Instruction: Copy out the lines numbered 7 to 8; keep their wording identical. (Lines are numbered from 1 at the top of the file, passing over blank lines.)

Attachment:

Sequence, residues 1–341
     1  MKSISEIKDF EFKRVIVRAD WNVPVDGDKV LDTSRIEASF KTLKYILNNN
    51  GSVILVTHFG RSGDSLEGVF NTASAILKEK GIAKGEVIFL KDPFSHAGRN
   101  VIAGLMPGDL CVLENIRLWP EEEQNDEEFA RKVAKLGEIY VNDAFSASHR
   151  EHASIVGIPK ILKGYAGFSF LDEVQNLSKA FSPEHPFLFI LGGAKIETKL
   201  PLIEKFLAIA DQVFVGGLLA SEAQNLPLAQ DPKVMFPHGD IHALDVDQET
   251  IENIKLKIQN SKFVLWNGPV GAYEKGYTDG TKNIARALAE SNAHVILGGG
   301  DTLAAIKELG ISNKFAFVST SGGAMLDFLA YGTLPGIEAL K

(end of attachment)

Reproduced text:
   251  IENIKLKIQN SKFVLWNGPV GAYEKGYTDG TKNIARALAE SNAHVILGGG
   301  DTLAAIKELG ISNKFAFVST SGGAMLDFLA YGTLPGIEAL K